Pretty darn fun. There are plenty of monsters and beasts that make a great challenge for heroic mortals without being impossible to defeat.


Kahbiel:
Can you talk a bit about small, circumstantial changes to one’s combat style change one’s ability? I remember in 2nd Edition, where every swing of the sword was a discrete mechanical thing, it was easy to see why one would or wouldn’t want to dual wield, or would choose this weapon over that one. What I’ve heard about 3rd is that you will be removing a lot of this to make a smoother and less abuse prone system; can you tell us (in a hand-wavey non-spoilery way) how some of these discreet combat differences may manifest in the upcoming system?

Holden:
I would like to, but it’s going to be kind of difficult given the sheer scope of the differences between EX3 and any other combat engine White Wolf’s ever put out. It’s kind of like asking how you’re going to change gears without a stick shift… in the stealth jet fighter you just built. The paradigm change is rather larger than the scope of the question.


Wuse_Major:
I do have a question now. If “Essence use” is “natural,” then “Sorcery” is generally considered “unnatural.” So, is this a just common perception thing and Sorcery isn’t actually any more unnatural than, say, Engineering (which looks at the laws of physics and turns them to our use, to serve our purposes) or is it really true and Sorcery actually warps and violates the Laws of Creation?

Ghosthead:
It’s like pulp sorcery as it would be in a world where Li Mu Bai or Ryu are present and the talents they have to understand how fundamental energies or essences flow behind things and the exercises they use to put that in to practice are still also somewhat of a single cloth with the practice of sorcery (and one where the ceiling for where Li Mu Bai and Ryu can go through their talents is probably a fair bit higher than in their default genres, to the degree it can encroach on sorcery in terms of sheer power).

Holden:
Good comparison. I like to think of it as like a fight between Ryu and Doctor Strange. Both of them are doing ‘magical’ things, where ‘magical’ means ‘impossible,’ but a bystander would be likely to characterize Ryu as practicing spiritual martial arts, where Doctor Strange is obviously doing magic.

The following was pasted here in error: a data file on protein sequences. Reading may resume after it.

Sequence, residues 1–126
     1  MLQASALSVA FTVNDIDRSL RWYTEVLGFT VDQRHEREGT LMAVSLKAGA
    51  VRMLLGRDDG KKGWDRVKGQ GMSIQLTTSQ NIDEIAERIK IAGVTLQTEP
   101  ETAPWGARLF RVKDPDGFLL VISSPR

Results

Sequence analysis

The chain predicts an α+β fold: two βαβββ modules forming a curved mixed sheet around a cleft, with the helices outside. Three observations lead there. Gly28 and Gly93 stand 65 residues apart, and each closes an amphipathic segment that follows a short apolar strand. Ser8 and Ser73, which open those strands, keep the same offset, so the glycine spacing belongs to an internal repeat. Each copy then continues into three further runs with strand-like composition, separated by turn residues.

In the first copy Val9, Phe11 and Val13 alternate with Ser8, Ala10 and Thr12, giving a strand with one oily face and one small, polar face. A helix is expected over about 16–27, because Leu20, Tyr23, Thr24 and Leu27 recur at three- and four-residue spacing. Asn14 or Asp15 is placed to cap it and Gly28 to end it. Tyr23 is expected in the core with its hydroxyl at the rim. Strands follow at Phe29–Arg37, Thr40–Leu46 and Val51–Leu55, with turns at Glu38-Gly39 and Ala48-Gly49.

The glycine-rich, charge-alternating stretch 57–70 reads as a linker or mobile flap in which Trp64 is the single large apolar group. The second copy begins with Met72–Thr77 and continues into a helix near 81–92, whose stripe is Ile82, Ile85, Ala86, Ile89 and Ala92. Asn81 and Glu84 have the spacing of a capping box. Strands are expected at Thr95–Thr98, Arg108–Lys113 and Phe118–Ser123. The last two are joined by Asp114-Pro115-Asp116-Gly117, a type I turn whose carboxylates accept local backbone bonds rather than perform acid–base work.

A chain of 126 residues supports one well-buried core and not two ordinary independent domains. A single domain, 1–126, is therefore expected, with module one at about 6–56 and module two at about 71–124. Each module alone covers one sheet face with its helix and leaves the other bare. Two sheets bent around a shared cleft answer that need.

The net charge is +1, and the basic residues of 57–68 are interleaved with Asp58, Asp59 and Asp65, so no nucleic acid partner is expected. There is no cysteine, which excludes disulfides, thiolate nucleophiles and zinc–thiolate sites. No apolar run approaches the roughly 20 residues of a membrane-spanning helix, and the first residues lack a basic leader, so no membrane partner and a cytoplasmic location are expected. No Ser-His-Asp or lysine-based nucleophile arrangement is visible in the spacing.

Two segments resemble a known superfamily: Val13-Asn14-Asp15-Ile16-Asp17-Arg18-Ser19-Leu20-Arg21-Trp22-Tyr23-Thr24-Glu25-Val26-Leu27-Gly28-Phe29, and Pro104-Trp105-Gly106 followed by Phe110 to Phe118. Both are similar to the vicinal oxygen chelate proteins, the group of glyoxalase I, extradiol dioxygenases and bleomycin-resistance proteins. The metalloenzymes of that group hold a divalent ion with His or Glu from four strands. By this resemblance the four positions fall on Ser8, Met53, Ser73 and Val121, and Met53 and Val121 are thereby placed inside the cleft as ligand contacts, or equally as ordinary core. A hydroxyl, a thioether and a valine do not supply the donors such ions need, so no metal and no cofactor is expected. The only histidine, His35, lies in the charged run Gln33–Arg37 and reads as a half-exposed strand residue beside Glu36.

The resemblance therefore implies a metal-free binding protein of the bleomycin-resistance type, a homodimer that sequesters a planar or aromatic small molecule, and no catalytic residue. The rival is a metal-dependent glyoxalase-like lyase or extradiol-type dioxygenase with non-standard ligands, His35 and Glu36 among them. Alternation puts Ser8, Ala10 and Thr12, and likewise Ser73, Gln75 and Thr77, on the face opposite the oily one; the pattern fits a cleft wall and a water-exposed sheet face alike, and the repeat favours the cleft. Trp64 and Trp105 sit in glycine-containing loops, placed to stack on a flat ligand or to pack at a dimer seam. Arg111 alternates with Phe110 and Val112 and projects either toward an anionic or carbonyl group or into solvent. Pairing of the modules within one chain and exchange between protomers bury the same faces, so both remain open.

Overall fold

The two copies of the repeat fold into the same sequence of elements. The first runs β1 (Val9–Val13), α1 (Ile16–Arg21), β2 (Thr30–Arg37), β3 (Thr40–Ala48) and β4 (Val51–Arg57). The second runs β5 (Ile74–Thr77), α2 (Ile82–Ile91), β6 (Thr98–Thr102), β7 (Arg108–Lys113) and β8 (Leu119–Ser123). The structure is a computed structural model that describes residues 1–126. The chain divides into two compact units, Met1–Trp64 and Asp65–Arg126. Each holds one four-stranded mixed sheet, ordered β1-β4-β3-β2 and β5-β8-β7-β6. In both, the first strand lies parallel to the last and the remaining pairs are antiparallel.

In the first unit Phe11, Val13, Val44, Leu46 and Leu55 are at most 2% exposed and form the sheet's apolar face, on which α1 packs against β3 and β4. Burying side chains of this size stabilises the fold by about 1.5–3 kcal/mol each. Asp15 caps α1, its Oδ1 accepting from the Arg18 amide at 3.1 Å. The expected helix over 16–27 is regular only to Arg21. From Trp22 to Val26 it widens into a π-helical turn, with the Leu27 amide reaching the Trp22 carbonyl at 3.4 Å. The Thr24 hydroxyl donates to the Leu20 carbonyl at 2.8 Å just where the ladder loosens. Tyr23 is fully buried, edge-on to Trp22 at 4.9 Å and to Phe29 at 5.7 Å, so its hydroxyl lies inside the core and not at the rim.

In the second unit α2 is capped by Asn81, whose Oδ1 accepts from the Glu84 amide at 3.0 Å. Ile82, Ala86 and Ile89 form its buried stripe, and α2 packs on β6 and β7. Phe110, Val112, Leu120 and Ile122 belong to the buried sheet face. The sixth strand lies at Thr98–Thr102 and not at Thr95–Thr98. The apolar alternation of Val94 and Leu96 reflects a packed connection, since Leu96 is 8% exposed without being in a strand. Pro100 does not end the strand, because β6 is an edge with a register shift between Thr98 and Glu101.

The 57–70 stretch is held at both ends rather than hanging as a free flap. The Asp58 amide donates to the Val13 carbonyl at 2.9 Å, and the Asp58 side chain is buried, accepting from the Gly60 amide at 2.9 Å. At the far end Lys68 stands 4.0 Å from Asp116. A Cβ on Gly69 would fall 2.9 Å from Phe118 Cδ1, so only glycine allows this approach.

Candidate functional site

Wuse_Major:
Either way, what does the Occult skill let you do other than Sorcery? Anything?

John:
Very smart question. Wait and see!


Mostlyjoe:
Have you considered some of the weird omissions in Artifacts? Like I’ve never seen good weapons for Night Class characters. Running around with Daiklaves doesn’t seem to make sense. Why not smaller knives, or other such tools? They always showed up at niche weapons and I thought it was a weird omission.

In the new Evocation rules can I have a minor artifact (1 dot) and still develop a huge tree of evocations for it? Is there a limitation to number of Evocations/Power to merit rating?

Holden:
3 dots is the lowest you can go and still get Evocations out of an artifact. 2 dots are the lowest-rated artifacts in EX3. There exist subtle artifact weapons designed for assassins and the like.

Isator Levie:
Should one take this to mean that while things such as Collars of Dawn’s Cleansing Light might still exist in the setting, the book doesn’t really bother assigning them a rating meant to imply that they’re worth spending character creation resources on?

Lea:
It mostly means that some artifacts formerly rated at one dot are now rated at two. “The basic daiklave,” in turn (to the extent that there’s such a thing anymore now that they’re all explicitly one-of-kind and never mass-produced), which used to be rated at two, is now three.

John:
It has a magical power that isn’t an Evocation.

Wuse_Major: